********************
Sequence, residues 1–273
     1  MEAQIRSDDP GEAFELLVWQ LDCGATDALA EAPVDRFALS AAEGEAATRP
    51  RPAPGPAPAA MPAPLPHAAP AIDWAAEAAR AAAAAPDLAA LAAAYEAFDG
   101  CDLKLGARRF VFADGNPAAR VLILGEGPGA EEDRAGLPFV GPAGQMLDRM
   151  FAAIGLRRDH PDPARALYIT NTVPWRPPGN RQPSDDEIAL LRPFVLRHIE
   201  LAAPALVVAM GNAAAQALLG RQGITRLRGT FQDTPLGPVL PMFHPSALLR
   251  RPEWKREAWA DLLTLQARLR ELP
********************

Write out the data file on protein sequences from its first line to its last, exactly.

Sequence, residues 1–273
     1  MEAQIRSDDP GEAFELLVWQ LDCGATDALA EAPVDRFALS AAEGEAATRP
    51  RPAPGPAPAA MPAPLPHAAP AIDWAAEAAR AAAAAPDLAA LAAAYEAFDG
   101  CDLKLGARRF VFADGNPAAR VLILGEGPGA EEDRAGLPFV GPAGQMLDRM
   151  FAAIGLRRDH PDPARALYIT NTVPWRPPGN RQPSDDEIAL LRPFVLRHIE
   201  LAAPALVVAM GNAAAQALLG RQGITRLRGT FQDTPLGPVL PMFHPSALLR
   251  RPEWKREAWA DLLTLQARLR ELP